“Some of it was too wet to even go and get,” Guillemette said. “When Mother Nature was kind enough to drop water she didn’t know when to stop. We were battling in the corn fields in the mud.”
The decision whether or not to launch a GoFundMe was ultimately his, Guillemette said.
“I’ve never had to do this and I’ve never borrowed money to buy feed,” he said. “Even if milk prices were where they should be, it would still be difficult to purchase feed, this much of it.”
Guillemette swallowed his pride and gave his daughter the green light.
Staring out of the truck window at the snow-dusted, stubbled fields stretching away from the road, Guillemette said he was humbled and overwhelmed by the outpouring of support.
He said it was easier to talk about the whole thing now that a couple of weeks had gone by, and he no longer would “end up picking myself up with a sponge.”
“There’s a part of me that feels like I’m holding a cardboard in front of myself on a street corner, but the difference here is I’m not homeless and I’m not jobless,” Guillemette said. “I love my home and I love my job, the job that got me into this predicament.”
Guillemette, 63, has the ruddy complexion of a life spent outdoors. Dressed in layers of work clothes, he sports a floppy knit hat and a rakish goatee that makes him look like he could be plying the Great Lakes as a French-Canadian voyageur as easily as farming in Vermont.
Guillemette talks in a booming voice over the growl of the Freightliner’s engine. His rambling narrative covers subjects ranging from the bright red Farmall A tractor he fell in love with when he was 11 years old, to working in a business in which the producers — dairy farmers — have no control over their own market.
“We haven’t figured out what we’re going to do with today’s milk and we already got tomorrow’s milk coming,” Guillemette shouts. “We’re kind of over a barrel.”
To illustrate his point, he tells me that he was paid about $17 per hundredweight of liquid milk (8.6 gallons) in January.
Guillemette asks me to guess how much he was being paid per hundredweight of milk back in 1984, three years after he took over the farm from his father.
I guess $12.
“Twelve dollars would sound reasonable based on inflation,” Guillemette says. “I was getting $17 per hundredweight. Am I the only one that sees a problem with the color of this picture?”
Bear in mind that it costs Guillemette about $18.50 to produce a hundredweight of milk. It cost less in 1984 because his overhead was lower. Guillemette says if there was a way to back up the cost of labor, fuel and taxes to what they were 35 years ago, he would be in “great shape.”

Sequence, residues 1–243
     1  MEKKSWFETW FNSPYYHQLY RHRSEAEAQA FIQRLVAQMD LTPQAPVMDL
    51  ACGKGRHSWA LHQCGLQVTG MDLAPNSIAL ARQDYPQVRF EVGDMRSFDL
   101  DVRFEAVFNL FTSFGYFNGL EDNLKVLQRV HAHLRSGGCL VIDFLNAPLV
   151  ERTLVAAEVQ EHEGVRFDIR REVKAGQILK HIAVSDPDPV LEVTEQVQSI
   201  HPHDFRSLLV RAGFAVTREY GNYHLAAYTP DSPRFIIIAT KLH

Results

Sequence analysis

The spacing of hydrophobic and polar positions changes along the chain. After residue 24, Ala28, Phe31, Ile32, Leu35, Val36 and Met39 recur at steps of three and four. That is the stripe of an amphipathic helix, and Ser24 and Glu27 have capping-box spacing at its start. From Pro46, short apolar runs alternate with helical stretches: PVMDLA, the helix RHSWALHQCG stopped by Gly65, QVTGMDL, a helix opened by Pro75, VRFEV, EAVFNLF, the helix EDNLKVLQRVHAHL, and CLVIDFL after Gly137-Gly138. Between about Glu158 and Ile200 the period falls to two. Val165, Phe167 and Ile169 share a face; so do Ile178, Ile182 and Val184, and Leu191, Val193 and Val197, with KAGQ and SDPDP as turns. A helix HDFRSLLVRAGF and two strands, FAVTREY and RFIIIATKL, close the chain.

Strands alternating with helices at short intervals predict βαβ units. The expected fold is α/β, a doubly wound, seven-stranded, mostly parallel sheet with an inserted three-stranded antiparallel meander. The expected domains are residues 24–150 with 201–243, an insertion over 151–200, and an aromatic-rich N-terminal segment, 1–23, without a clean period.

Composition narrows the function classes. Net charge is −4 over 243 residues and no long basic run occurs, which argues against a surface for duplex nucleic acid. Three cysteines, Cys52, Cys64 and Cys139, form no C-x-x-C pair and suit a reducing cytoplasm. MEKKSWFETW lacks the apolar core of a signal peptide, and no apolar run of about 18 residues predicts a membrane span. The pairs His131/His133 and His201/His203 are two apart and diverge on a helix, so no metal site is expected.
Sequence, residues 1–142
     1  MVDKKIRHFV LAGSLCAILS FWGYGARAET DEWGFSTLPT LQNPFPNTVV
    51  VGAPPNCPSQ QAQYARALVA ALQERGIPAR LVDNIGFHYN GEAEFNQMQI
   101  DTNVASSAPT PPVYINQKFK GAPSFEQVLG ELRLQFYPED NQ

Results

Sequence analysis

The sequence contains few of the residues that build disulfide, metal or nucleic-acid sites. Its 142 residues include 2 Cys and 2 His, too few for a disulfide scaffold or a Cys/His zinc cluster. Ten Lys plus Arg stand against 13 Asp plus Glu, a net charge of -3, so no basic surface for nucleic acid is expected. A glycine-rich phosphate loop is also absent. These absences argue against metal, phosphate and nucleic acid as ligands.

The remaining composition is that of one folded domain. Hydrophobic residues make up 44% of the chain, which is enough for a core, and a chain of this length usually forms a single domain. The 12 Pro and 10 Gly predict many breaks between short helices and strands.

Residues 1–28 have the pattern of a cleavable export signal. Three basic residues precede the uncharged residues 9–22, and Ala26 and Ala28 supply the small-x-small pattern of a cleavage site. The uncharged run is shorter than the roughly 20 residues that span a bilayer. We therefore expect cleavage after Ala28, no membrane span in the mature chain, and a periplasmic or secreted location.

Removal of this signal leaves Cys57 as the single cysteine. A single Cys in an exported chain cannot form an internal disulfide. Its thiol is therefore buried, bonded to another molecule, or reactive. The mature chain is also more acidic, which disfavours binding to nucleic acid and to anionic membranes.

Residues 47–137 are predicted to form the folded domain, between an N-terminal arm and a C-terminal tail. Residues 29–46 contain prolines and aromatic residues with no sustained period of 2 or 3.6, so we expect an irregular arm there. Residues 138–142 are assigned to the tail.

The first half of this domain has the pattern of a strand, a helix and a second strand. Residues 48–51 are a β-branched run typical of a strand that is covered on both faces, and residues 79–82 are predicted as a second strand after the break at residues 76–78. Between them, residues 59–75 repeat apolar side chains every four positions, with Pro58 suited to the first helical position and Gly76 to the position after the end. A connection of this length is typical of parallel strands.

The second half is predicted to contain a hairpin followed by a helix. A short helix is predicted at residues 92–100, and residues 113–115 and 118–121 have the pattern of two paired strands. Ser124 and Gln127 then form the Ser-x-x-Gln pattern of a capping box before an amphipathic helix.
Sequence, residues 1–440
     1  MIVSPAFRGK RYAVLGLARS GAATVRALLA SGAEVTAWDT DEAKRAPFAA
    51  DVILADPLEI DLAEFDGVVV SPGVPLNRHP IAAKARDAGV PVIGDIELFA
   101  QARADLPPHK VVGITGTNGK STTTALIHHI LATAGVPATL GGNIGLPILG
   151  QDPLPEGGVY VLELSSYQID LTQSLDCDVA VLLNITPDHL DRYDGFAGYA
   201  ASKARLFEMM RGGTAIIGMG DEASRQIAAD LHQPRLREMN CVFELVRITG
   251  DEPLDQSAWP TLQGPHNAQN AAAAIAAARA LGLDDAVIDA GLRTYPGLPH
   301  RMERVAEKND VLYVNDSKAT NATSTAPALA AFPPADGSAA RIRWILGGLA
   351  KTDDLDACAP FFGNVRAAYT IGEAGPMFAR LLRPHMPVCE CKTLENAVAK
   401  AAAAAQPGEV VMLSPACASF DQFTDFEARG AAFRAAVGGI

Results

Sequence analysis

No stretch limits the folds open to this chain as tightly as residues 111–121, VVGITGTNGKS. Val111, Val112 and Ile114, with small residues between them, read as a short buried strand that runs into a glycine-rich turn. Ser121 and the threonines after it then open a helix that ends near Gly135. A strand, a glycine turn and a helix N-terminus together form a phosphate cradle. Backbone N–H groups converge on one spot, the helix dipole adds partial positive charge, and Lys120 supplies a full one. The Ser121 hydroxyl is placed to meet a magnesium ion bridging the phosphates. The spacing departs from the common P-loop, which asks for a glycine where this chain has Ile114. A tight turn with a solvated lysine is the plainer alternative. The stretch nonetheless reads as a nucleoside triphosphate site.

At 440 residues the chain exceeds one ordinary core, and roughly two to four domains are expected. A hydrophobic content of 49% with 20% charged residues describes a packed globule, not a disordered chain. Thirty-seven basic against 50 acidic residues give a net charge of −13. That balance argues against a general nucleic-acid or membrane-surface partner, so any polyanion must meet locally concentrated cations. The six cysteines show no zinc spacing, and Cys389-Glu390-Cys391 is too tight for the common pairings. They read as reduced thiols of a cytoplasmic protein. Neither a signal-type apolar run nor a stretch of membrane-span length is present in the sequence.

“I tell people I don’t ever remember being rich, but I do remember at that time I was buying some new equipment,” Guillemette said. “I was writing checks out for this equipment. I wasn’t borrowing money.”
In 1988, he said, he bought a new feed cart for $2,800. In 1989, he bought a round baler for $9,000. The next year, he bought a new disk mower for $9,600.
“I have not been able to do that since,” Guillemette said
In 2018, Vermont had 71 fewer dairy farms than in 2017, according to the Vermont Agency of Agriculture.
“That doesn’t sound like a lot until you word it a little differently,” Guillemette said. “That’s more than one per week. That sounds huge.”
The Agency of Agriculture also reports that in the first quarter of 2019, Vermont dropped under 700 working dairy farms for the first time, with just 697 farms remaining. That compares to more than 1,000 farms in 2010.
Downshifting the big Freightliner, Guillemette eases back into his farmyard on Pond Road, just off Vermont Route 116. He points to the empty feed bunkers about 50 yards in front of us, That’s where he’ll be dumping today’s load of feed, ready for his cattle’s next meal.
“If someone wants to know what an empty bunker looks like, that’s how this all started,” Guillemette says. “If that bunker was 10 feet high and heaping over, things still aren’t right. We wouldn’t be doing this GoFundMe, but it’s still not right.”
Information from: The Burlington Free Press, http://www.burlingtonfreepress.com